LONDON, February 4. / TASS /. Scientists at Oxford University will conduct the first study in the world to test the effectiveness of an injection of two doses of coronavirus vaccine from various manufacturers. This is stated in the message of the scientific and educational institution spread on Thursday.
More than 800 volunteers over 50 years old will take part in the tests, which will be divided into four groups. The first two of them will receive both doses of the vaccine from the same manufacturer: either a drug from the American company Pfizer and its German partner BioNTech, or a drug from the British-Swedish AstraZeneca, developed jointly with the University of Oxford. It is these vaccines that are currently being used in the United Kingdom.
The other two groups of volunteers will be vaccinated by a combination of two doses of these drugs: one will be vaccinated with Pfizer vaccine first, then they will be injected with AstraZeneca, and vice versa. In a statement, scientists emphasize that some of the volunteers will receive a second dose four weeks after the first injection, while for others this interval will be 12 weeks. The study itself will take a little over a year, experts said.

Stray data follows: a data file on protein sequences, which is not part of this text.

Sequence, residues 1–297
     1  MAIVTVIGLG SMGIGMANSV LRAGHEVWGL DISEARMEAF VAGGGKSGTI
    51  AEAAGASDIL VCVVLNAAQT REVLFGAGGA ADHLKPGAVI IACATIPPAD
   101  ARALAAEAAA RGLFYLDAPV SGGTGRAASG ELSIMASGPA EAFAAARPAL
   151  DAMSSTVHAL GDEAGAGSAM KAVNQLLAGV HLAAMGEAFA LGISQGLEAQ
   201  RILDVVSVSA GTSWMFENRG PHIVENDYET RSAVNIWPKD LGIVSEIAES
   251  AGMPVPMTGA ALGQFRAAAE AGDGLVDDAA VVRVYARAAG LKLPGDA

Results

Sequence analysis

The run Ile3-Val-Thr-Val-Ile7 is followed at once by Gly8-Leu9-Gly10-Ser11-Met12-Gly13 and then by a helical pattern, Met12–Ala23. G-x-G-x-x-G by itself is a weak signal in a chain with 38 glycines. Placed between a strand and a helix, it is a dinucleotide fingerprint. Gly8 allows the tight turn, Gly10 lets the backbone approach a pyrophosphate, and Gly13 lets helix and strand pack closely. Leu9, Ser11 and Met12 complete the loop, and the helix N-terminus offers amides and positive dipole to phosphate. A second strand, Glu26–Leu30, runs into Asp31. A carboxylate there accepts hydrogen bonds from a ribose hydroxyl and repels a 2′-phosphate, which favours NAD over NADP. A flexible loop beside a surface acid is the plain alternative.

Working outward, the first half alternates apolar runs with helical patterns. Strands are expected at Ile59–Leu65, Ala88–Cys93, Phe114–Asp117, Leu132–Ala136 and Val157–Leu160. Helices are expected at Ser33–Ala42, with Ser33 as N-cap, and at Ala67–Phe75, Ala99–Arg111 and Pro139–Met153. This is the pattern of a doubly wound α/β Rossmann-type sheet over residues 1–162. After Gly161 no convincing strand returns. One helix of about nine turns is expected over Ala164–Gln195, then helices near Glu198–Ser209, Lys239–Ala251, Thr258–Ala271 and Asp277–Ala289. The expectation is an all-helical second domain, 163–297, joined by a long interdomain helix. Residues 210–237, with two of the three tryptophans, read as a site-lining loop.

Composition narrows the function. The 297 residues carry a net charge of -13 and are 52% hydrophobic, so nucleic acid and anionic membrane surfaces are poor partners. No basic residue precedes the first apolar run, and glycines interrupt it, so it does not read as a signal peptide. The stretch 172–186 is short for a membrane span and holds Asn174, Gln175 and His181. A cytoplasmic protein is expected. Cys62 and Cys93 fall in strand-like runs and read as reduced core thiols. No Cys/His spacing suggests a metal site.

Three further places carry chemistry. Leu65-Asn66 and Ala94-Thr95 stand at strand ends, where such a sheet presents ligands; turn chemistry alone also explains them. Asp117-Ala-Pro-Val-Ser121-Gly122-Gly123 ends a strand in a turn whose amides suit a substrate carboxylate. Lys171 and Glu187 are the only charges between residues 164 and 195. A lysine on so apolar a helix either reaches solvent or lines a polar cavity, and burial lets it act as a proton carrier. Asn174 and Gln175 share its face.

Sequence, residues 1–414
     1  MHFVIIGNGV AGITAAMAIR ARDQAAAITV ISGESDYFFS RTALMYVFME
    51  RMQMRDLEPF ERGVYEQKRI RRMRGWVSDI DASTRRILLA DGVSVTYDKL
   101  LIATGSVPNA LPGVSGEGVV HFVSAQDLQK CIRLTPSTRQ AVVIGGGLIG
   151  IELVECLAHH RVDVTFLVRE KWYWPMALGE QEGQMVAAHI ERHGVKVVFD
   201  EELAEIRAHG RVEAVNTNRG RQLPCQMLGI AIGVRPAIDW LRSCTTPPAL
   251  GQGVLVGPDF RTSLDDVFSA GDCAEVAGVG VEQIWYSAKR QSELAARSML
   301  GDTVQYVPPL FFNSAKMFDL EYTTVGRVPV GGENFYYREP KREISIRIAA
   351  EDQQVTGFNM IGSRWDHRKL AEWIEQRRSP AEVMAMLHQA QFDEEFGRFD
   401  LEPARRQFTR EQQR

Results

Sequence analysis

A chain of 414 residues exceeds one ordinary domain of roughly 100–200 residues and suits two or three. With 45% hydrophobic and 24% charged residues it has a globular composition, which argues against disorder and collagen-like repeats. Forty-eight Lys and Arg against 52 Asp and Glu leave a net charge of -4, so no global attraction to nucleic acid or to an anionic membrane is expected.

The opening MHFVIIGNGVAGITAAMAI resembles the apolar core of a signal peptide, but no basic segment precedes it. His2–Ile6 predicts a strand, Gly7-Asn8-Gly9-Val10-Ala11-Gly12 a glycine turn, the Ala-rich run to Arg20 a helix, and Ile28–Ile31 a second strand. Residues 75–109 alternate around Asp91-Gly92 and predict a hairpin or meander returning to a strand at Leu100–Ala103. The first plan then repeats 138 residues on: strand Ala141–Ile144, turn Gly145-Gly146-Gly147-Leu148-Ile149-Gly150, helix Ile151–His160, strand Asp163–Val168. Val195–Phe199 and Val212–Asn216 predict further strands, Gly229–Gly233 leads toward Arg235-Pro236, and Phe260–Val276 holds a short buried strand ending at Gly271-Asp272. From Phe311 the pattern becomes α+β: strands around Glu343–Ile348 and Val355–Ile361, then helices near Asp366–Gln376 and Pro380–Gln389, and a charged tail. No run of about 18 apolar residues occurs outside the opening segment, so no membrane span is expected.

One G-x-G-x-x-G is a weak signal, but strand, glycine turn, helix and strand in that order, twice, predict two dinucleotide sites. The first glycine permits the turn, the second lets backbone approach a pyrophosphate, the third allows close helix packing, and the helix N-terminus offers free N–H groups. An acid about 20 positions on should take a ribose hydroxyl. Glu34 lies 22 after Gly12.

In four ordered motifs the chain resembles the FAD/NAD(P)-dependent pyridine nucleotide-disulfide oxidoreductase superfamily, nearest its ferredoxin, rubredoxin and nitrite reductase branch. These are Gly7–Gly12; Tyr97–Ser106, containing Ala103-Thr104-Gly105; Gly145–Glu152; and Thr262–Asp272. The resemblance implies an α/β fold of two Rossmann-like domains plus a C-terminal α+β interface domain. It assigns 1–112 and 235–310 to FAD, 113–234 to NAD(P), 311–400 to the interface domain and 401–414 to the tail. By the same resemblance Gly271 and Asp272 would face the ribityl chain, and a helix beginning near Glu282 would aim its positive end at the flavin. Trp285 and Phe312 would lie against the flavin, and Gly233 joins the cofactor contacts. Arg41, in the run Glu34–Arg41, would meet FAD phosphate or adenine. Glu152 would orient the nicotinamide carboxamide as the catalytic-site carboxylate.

"If we can demonstrate that these vaccines can be used with each other, it will make the vaccination program much more flexible, especially in terms of supply of the drug. In addition, the study will help us understand how we can further improve protection against new strains of the virus." - said Matthew Snape, associate professor of the Department of Pediatrics and Vaccology at the University of Oxford, under whose leadership the tests will take place.
Vaccination of the population in the UK began on December 8th. According to government figures, the first of two doses of the vaccine has already been administered to more than 10 million people - 15% of the kingdom's population. The first to vaccinate were medical workers, persons living in nursing homes, and people over 80 years old. Since mid-January, the authorities announced the start of vaccination of Britons aged 70 to 80 years, as well as people suffering from diseases that can complicate the course of COVID-19.
The UK government has previously decided to extend the interval between two doses of the drug from the recommended three weeks to three months, so that as many people as possible get vaccinated in a short time. The authorities are aiming to vaccinate approximately 15 million people by mid-February, which would ease the current coronavirus restrictions. The number of deaths in the UK from complications caused by coronavirus exceeds 109 thousand, which is the highest figure in Europe.